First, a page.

By 1885 Carrollton had cotton gins, flour mills, a school, and two churches serving its population of 150. When the Cotton Belt line crossed the Katy at Carrollton in 1888, the town developed as a shipping center for livestock, grain, cotton, and cottonseed (eventually surpassing Trinity Mills, an older settlement to the north).
In 1890 the first telephone went into operation in Carrollton, and the first commercial electricity became available in 1913 when a private power plant opened.
A new era was beginning for Carrollton with the arrival of railroads and a post office in the late 1800s. Carrollton quickly emerged from an agricultural community to a hub of bustling business and professional activity. The Dallas-Wichita Railroad arrived in Carrollton in 1879. Around 1904, a new industry emerged in Carrollton – manufacturing brick. The Carrollton Pressed Brick Company was located northeast of the Carrollton Town Square. Brick from this plant is easily identified. They have the name CARROLLTON embedded on it and are highly prized by collectors.
A gravel industry began in 1912 and grew. By 1940, Carrollton was known as a “grain and gravel” town that also supported a dairy industry. During the postwar era the city worked to attract major industries. National Metal Products, a manufacturer of metal utility cabinets and shelving, established there in 1946. By 1908, there were three railroads using Carrollton as a way station. Having three railroads intersect was unique for this part of the country and contributed to Carrollton’s early prosperity. In 1922, the electric Texas Interurban Railway, began passenger service in Carrollton for transport between Dallas and Denton.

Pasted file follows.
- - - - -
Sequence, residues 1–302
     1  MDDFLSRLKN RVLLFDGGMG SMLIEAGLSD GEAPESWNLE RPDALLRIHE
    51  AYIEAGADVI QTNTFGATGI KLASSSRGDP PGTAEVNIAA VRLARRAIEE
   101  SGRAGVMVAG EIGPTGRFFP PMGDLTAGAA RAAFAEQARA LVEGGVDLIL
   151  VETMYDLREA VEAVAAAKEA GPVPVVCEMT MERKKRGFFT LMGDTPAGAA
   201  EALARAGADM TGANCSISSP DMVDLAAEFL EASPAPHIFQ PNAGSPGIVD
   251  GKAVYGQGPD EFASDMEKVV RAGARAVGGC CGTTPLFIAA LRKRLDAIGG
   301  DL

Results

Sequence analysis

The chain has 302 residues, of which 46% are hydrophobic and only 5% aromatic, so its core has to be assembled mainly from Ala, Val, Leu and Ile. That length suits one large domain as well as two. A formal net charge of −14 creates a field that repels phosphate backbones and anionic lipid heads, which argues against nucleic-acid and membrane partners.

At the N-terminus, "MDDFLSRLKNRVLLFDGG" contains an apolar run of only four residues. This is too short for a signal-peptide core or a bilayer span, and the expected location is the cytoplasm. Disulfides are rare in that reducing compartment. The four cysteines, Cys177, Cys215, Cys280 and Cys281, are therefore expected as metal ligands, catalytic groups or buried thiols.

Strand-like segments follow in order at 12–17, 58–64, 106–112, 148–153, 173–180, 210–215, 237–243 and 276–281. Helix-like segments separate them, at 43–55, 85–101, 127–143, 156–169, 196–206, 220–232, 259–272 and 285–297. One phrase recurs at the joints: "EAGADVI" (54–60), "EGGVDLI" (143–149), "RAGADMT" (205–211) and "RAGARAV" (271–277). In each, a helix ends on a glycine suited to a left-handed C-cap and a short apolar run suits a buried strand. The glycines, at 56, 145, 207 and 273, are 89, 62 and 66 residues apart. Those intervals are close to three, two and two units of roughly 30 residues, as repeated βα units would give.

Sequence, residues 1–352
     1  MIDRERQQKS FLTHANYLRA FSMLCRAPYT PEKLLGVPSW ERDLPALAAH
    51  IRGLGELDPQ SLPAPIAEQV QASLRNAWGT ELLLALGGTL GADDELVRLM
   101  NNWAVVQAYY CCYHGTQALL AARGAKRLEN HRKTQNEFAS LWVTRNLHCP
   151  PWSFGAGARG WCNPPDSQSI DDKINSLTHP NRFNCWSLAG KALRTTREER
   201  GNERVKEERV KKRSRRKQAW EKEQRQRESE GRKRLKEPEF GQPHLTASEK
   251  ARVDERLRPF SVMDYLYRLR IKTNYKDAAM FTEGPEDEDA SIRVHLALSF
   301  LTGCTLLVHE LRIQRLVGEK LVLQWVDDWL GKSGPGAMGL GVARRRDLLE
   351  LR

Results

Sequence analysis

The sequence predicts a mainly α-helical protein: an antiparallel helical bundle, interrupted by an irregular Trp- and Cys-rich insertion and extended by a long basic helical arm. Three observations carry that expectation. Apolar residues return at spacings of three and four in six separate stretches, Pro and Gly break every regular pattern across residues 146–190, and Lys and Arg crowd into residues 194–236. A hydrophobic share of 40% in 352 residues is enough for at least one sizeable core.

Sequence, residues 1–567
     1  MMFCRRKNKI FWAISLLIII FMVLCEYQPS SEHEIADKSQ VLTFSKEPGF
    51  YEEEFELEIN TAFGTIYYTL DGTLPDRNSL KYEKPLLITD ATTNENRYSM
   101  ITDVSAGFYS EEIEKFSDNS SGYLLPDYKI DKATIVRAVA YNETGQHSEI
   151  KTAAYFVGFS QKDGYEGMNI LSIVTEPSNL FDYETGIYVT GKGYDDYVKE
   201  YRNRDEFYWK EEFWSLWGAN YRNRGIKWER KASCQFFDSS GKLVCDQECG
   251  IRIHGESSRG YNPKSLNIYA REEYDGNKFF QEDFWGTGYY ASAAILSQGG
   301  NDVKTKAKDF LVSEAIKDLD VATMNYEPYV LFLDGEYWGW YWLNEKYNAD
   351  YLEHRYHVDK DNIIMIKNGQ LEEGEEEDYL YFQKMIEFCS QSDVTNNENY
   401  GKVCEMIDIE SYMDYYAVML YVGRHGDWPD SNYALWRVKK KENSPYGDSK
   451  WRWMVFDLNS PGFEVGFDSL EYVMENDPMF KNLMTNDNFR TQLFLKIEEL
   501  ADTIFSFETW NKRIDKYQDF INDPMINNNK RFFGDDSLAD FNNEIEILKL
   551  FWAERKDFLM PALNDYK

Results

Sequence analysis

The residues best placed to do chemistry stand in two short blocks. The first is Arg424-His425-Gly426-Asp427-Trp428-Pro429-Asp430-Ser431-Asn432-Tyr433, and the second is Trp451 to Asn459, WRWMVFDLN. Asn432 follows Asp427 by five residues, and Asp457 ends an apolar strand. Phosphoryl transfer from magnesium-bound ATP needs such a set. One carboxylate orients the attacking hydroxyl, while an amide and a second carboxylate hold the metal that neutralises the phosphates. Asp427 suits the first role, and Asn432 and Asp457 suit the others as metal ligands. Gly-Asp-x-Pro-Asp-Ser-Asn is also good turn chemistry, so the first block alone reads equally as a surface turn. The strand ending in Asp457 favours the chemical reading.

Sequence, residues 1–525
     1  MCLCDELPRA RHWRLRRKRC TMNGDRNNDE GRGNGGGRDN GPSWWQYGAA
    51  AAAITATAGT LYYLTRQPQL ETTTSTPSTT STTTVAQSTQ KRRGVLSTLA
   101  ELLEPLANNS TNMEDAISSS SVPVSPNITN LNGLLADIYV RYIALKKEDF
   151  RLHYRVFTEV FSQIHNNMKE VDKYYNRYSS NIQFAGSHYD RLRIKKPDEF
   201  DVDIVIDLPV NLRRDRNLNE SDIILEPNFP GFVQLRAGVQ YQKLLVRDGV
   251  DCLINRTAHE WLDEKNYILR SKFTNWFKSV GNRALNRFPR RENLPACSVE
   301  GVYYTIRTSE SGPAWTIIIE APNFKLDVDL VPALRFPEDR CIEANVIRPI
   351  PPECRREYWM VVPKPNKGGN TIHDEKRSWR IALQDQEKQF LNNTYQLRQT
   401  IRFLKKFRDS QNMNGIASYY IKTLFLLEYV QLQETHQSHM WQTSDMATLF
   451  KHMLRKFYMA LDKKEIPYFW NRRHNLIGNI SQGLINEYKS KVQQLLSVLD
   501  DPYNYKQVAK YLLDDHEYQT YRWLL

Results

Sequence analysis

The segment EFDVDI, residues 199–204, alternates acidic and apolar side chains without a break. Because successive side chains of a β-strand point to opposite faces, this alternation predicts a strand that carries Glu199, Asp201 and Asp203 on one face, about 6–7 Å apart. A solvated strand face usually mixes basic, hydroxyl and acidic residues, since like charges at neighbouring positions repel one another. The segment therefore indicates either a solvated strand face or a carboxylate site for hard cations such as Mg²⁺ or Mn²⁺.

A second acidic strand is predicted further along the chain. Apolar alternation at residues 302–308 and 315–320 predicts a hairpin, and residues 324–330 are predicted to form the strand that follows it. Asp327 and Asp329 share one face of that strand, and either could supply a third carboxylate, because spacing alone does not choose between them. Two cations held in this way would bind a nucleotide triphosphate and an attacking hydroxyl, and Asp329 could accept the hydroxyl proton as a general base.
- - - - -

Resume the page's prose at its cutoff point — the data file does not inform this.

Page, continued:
In 1913, Carrollton voted to incorporate as a general law city. W. F. Vinson was elected the first mayor. The first city officers were elected on July 19, 1913. The City of Carrollton received a deed from J.R. McFarland in 1933. This became the site for Carrollton’s first City Hall and fire station. By the mid-1920s, Carrollton had held its first bond election and organized a volunteer fire department. During the next two decades, Carrollton’s first official police force was hired. Carrollton’s first city charter was adopted in 1961, providing for a home-rule form of government under a manager and city council.
Between 1970 to 1980, the Sun Belt boom caused Carrollton to grew rapidly. In 1950, the population was 1,610; 1960 it grew to 4,242 in 1960; by 1970 it was 13,855.
Between 1970 and 1980 it increased to 40,599 and by 1983 it was 52,000. 75% of the City’s housing was built during 1970-1980. In 1990 the population of Carrollton was 82,169, and in 2000 it had grown to 109,576.
Source: Handbook of Texas Online, Joan Jenkins Perez, “Carrollton, TX,” accessed February 06, 2017, http://www.tshaonline.org/handbook/online/articles/hdc01.